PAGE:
Cabinet minister Grant Shapps has revealed he predicted to within one vote the scale of the recent revolt by Tory MPs against Boris Johnson.
In doing do so, the transport secretary was far more accurate in forecasting the scale of opposition against the prime minister’s leadership than the Conservative whips.
The backroom fixers were taken by surprise at the size of the mutiny having underestimated the number of the parliamentary party backing no confidence earlier this month.
In the event, Conservative MPs voted by 211 to 148 in support of Mr Johnson, but the scale of the opposition was greater than that seen in 2018 when Theresa May faced a confidence vote.
She secured the support of 63% of her MPs but was still forced out within six months.
Mr Johnson saw 41% of his MPs vote against him, a worse result than Mrs May.
While the Tory leader and his supporters insist it was a “decisive” victory, it has left him bruised amid the fallout of the partygate scandal, the cost of living crisis, political challenges, and the threat of further blows in two key by-elections in Wakefield and Tiverton and Honiton on 23 June.
Mr Shapps had previously accurately forecast the number of Conservative MPs who backed Boris Johnson for leader.
Asked on Sky News’ Sophy Ridge On Sunday programme if he had been “on the money again” following the recent no confidence vote, Mr Shapps said: “One out.”
He added: “But I should point out, it’s not as useful as it sounds, it’s not as good as it sounds, it’s a statistical prediction rather than individuals who voted specifically one way or the other.”
But he would not be drawn when pressed over whether he had warned Mr Johnson beforehand, although as a key ally it is likely he would have flagged the numbers.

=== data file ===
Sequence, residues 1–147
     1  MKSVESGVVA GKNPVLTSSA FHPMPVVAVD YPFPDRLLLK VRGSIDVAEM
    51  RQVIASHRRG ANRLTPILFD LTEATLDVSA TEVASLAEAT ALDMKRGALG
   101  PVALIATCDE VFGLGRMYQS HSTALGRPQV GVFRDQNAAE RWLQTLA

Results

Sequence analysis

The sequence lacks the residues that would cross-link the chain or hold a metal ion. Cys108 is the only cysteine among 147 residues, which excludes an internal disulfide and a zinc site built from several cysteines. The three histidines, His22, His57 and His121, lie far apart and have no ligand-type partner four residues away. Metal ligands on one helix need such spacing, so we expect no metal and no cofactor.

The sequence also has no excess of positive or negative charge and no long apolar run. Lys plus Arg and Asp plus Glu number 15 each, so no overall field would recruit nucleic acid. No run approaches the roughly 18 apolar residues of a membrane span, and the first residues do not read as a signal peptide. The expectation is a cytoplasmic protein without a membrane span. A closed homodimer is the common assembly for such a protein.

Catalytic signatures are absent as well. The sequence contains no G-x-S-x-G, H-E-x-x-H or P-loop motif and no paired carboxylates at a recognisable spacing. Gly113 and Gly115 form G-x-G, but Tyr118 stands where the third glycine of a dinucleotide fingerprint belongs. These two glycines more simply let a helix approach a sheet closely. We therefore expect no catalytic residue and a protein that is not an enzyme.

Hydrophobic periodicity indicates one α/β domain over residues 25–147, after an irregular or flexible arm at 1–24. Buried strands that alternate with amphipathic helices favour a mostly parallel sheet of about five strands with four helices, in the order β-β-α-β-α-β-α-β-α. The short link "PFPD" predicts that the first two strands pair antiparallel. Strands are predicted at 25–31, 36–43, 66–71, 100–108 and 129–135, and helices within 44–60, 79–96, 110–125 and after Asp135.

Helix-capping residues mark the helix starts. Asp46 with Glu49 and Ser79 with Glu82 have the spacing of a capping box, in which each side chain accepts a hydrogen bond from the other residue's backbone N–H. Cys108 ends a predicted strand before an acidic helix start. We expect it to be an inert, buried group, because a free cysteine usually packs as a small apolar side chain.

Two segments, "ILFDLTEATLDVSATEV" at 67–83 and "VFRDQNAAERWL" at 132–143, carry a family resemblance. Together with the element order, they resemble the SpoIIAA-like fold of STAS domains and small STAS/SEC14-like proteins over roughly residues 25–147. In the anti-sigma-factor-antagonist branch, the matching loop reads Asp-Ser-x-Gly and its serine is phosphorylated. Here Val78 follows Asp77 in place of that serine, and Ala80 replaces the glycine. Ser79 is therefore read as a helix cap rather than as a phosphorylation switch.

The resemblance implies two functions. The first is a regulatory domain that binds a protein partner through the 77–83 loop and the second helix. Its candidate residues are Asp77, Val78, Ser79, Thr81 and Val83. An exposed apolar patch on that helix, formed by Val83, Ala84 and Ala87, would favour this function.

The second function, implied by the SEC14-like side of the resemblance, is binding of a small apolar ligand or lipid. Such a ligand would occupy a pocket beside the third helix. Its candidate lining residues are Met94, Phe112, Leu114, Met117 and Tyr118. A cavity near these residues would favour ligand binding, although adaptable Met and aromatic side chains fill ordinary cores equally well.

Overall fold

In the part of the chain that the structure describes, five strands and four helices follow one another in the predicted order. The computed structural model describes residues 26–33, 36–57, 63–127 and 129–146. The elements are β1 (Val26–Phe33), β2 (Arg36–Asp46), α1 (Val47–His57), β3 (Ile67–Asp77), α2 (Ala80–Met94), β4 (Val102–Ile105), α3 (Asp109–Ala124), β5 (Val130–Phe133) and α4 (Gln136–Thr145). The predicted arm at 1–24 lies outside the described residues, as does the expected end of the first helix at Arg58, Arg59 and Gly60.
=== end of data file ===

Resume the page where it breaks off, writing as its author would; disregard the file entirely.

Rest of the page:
Mr Shapps told Ridge: “I’m not going to get into specific details of the conversation.”
Seeking to draw a line under the recent internal infighting, he added: “Everyone now is in the mood of let’s give the prime minister the opportunity, the space, the time to make sure he can carry on with some of the work that he’s doing.”
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Mr Johnson’s former anti-corruption champion John Penrose, who quit his role accusing the PM of breaking ministerial rules over lockdown-busting Downing Street parties, said the result of the no confidence ballot had brought the Tory leader time for a “reset”.
The Tory MP told Ridge: “I think that by winning the vote, although I think he would have wanted to win it much more handily and with a bigger margin, but I think the prime minister has won himself a bit of time.
“And people like me and others, we have to respect the result of that vote, we have to accept it and respect it and I think everybody does.
“That means that the prime minister has got a bit of time to deliver the reset that he has already says he wants to do.
“He knows he has got to rebuild some bridges if you like, so he says he wants to do that and I think that is entirely the right thing for him to do.”
He added: “But I don’t think that rebuilding bridges will just involve ignoring the issue because I don’t think ethics works that way.
“I don’t think integrity works that way.
“I think you have got to show that you’re changing what you’re doing and you are changing how you do it in order to address the concerns.
“You can’t just ignore them and pretend it didn’t happen.”